what we ate

I don’t think I’m ever going to be consistant enough with my photography to be able to do an actual “what we ate in a week” post, but a “some of what we ate in the last month” post? Now that I can do.


The first real thing I cooked in my ippy (aside from potatoes) was a pot roast.

The process involved a few steps, like browning the meat, pressure cooking the meat and then removing it prior to pressure cooking the veggies, and then quick mixing up the gravy, but it was by FAR the best roast I’ve ever made. We feasted that night, and then again the next day on the leftovers, savoring every bite.

I had plans to use the leftovers in a pot pie, but then my older son begged to take them home and that was that.

An entire roast, gone in about twenty-four hours. Pure magic, that ippy is!

(But then I tried oatmeal and it bombed: burned and gummy.

Maybe because I delay-cooked it with an overnight soak? Not sure. Must play more.)


I’ve recently been digging the fried rice.

A great, last-minute meal, it’s the perfect way to use up all sorts of random veggies and leftover meats. I usually have rice getting hard in the fridge: a quick sizzle in a hot, cast iron pan with plenty of olive oil (or bacon fat), followed by a splash of water and a lid, and it steams back to life even better than it was the first time around.

While the rice is cooking, I sauté some onion (celery, cabbage, garlic, whatever) in a separate cast iron pan. Carrots and other hard veggies get a brief boil in a saucepan. I scramble eggs. And then I start tossing things together, adding, leftover peas, sesame oil, a splash of fish/soy/hot sauce, etc, to taste. Green onions and/or fried cheese round it out.


One night for supper, we had breakfast: pancakes, bacon, and smoothies.

Weekday mornings, with only two kids at home (and since my husband leaves early and I often go running first thing), it’s yogurt and granola, or cereal, or eggs and toast, or whatever anyone wants, but I miss making pancakes!

We’ve been eating a lot of smoothies, too: kefir (more on this soon), bananas (just bought a huge amount to freeze), frozen berries, jam.


Left to my own devices for a solo meal, I often resort to cheese and crackers. With a sliced apple or a grapefruit, it’s pretty near perfect.

There’s something so satisfying about it: the crunchy crackers, the cheese’s salty creaminess, yum.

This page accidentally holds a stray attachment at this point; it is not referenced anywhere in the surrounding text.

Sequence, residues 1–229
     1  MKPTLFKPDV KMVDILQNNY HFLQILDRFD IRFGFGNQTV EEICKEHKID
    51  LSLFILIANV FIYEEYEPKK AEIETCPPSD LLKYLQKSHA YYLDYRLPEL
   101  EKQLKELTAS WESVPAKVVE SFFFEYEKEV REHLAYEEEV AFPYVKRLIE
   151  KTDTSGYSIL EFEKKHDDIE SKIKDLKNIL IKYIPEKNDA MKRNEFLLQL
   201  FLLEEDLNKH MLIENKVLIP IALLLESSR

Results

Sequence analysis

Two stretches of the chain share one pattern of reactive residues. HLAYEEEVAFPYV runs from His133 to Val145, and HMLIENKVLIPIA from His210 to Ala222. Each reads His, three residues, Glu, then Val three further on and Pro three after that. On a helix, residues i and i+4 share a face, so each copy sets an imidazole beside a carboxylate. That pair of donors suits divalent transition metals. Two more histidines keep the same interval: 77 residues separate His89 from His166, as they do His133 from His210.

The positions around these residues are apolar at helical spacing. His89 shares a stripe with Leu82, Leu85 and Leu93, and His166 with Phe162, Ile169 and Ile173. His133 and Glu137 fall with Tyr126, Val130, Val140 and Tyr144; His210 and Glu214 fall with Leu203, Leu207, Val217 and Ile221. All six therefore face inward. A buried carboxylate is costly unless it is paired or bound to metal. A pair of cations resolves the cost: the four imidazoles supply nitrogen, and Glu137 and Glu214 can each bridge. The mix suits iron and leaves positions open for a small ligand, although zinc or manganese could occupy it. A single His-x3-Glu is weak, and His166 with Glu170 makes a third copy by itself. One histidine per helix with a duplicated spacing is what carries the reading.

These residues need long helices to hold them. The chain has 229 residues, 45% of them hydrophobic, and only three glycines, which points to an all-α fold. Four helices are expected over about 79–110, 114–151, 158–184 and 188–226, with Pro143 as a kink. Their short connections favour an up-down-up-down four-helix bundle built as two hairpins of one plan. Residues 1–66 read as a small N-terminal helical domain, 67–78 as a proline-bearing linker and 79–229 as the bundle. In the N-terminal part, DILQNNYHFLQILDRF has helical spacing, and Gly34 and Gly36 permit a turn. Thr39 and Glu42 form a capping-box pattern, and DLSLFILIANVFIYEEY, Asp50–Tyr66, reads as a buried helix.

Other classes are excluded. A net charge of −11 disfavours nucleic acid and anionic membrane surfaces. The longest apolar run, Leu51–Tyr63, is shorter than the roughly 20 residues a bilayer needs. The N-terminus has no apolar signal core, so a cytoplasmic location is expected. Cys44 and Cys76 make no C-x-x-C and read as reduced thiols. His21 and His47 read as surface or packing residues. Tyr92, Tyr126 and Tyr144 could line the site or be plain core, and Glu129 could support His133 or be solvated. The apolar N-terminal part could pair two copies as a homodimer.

I often cut into a new cheese late morning when I’m beginning to get hungry, or late afternoon when I hit my draggy slump. The thrill of a new cheese is the perfect pick-me-up.


Pizza night makes everyone happy. This particular night, I also made a pulled pork (leftover from Magpie) pizza with bottled barbecue sauce instead of tomato sauce. I think it worked.

Pizza is a great way to use up random cheese bits: ricotta, mozzarella, something sharp(ish) that no one much liked. One recipe of dough makes three big pans: we feast, and then the leftovers get packaged up in one-person meal-sized portions for quick work lunches for my husband.


These days, wedding leftovers are the name of the dinner game! Assorted soups, cider, cans of whipped cream (oo-la-la), homemade marshmallows and hot cocoa mix, rolls, chips, jams and hot sauces and salsas, whoop!

Oh, and tons of cookies.

The brown sugar cookies‘ mottled icing is due to freezing/thawing.

I keep trying to off-load them on people (because there’s no justification to do more baking if I have a freezerful of cookies and I’m itching to bake), but my husband is like, Noooooo!!!! I want all the cookies, wah! For him, a bunch of cookies equals easy lunches: just run down cellar and load up a container with snacks. His favorite cookie used to be white chocolate cranberry, but the Kitchen Sink ones are making him reconsider. Something about that caramelly chew….


The night after the wedding celebration, my husband and I went to our small group gathering, leaving the younger two kids to recuperate at home alone. When we got back, this was waiting for us on the table.

We followed the instructions.